Antibiotic Effectively Disinfects and Eradicates Bacterial Pathogens Where Biofilm Is Present
This series of antibacterial agents, known as the halogenated quinolines, are able to eradicate free-floating (planktonic) bacteria in addition to persistent, surface-attached bacterial biofilms against gram positive organisms such as methicillin-resistant Staphylococcus aureus (MRSA), methicillin-resistant Staphylococcus epidermidis (MRSE), and vancomycin-resistant Enterococcus faecium (VRE). Bacterial cells housed within a biofilm are metabolically dormant, persister cells that display high levels of tolerance towards conventional antibiotics and biocides. Bacterial biofilms occur in the majority of bacterial infections and accumulate on essentially all surface types, including medical implants and industrial pipes. Researchers at the University of Florida have discovered halogenated quinoline small molecules that are able to eradicate greater than 99.9 percent of biofilm cells through a mechanism that is non-toxic to mammalian cell lines, including red blood cells.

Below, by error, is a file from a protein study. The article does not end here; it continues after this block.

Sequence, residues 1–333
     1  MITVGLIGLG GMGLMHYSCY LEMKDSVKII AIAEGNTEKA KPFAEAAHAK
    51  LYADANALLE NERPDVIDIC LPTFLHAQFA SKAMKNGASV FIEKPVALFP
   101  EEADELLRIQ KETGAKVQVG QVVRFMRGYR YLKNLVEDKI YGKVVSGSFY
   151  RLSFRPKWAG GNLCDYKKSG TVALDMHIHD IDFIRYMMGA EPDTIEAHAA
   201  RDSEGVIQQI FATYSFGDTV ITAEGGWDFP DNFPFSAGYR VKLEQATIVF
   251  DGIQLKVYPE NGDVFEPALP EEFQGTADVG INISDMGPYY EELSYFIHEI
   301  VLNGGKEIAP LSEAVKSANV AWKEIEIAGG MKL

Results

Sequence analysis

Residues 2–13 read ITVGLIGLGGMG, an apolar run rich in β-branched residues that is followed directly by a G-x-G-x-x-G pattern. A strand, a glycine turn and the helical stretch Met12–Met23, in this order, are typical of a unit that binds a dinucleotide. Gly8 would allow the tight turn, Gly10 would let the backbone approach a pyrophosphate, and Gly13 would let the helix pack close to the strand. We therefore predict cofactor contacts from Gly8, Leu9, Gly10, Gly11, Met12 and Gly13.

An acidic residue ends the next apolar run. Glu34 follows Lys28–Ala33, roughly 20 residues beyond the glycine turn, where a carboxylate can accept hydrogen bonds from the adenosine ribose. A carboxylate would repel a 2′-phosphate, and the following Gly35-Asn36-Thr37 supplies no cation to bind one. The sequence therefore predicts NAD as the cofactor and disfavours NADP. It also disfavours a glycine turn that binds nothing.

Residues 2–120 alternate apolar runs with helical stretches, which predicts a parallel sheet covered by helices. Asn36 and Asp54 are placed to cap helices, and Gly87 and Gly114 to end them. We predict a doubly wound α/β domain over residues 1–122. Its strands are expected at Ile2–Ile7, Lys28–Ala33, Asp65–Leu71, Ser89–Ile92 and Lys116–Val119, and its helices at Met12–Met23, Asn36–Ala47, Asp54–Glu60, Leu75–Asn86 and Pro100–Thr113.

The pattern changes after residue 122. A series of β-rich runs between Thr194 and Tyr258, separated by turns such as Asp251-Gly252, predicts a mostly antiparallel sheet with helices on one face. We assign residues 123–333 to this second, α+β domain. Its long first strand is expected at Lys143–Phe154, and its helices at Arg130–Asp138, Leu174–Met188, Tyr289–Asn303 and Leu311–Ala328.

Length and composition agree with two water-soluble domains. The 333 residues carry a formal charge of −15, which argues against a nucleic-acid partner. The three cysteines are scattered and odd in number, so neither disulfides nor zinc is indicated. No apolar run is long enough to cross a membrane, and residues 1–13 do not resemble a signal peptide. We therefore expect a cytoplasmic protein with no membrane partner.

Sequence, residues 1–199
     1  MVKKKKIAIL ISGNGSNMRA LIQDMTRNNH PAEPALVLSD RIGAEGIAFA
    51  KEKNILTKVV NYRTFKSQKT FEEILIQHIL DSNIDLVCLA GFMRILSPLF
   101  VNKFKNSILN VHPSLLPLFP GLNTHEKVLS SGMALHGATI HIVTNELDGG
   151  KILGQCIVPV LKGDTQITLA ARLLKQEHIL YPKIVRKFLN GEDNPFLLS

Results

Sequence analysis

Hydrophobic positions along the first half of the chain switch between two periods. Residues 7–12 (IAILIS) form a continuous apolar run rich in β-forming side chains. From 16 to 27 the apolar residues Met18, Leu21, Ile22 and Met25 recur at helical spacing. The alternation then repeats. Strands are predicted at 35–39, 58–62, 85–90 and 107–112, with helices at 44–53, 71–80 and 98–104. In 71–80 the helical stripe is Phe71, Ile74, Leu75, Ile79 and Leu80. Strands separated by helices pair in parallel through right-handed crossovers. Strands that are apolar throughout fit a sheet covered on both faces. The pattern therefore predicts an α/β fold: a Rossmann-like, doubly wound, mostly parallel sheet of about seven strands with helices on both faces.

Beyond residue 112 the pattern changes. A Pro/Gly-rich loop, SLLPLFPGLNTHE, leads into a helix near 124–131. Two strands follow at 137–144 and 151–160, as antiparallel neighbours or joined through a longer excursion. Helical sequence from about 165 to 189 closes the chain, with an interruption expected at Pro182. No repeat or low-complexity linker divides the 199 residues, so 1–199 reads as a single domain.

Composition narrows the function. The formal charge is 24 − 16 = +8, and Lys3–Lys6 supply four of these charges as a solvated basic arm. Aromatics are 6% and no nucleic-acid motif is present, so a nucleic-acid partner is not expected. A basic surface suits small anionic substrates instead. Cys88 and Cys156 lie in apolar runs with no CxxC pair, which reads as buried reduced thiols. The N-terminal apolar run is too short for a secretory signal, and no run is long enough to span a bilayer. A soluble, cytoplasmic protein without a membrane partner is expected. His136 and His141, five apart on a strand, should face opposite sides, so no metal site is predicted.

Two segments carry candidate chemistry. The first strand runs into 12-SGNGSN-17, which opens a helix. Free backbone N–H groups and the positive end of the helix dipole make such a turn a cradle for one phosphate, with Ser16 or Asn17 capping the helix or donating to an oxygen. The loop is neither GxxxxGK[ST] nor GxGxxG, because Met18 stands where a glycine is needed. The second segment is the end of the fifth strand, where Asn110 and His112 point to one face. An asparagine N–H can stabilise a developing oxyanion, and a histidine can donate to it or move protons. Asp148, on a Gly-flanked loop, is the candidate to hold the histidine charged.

Clinical and non-clinical applications for eradicating biofilm-associated bacterial pathogens and surfaces colonized by persistent biofilms
- Halogenated quinolines are able to eradicate persister cells, a phenotype rare among conventional antibiotics and biocides
- Can eliminate bacterial biofilms against multiple drug-resistant pathogens, preventing MRSA, MRSE and VRE
The halogenated quinoline is highly tunable and University of Florida researchers have synthesized and evaluated more than 100 synthetic halogenated quinoline analogues. Continued efforts are underway to further develop halogenated quinolines for numerous applications related to bacterial biofilm infections and disinfectants. These halogenated quinolines demonstrate potent biofilm eradication activities against MRSA, MRSE and VRE biofilms.
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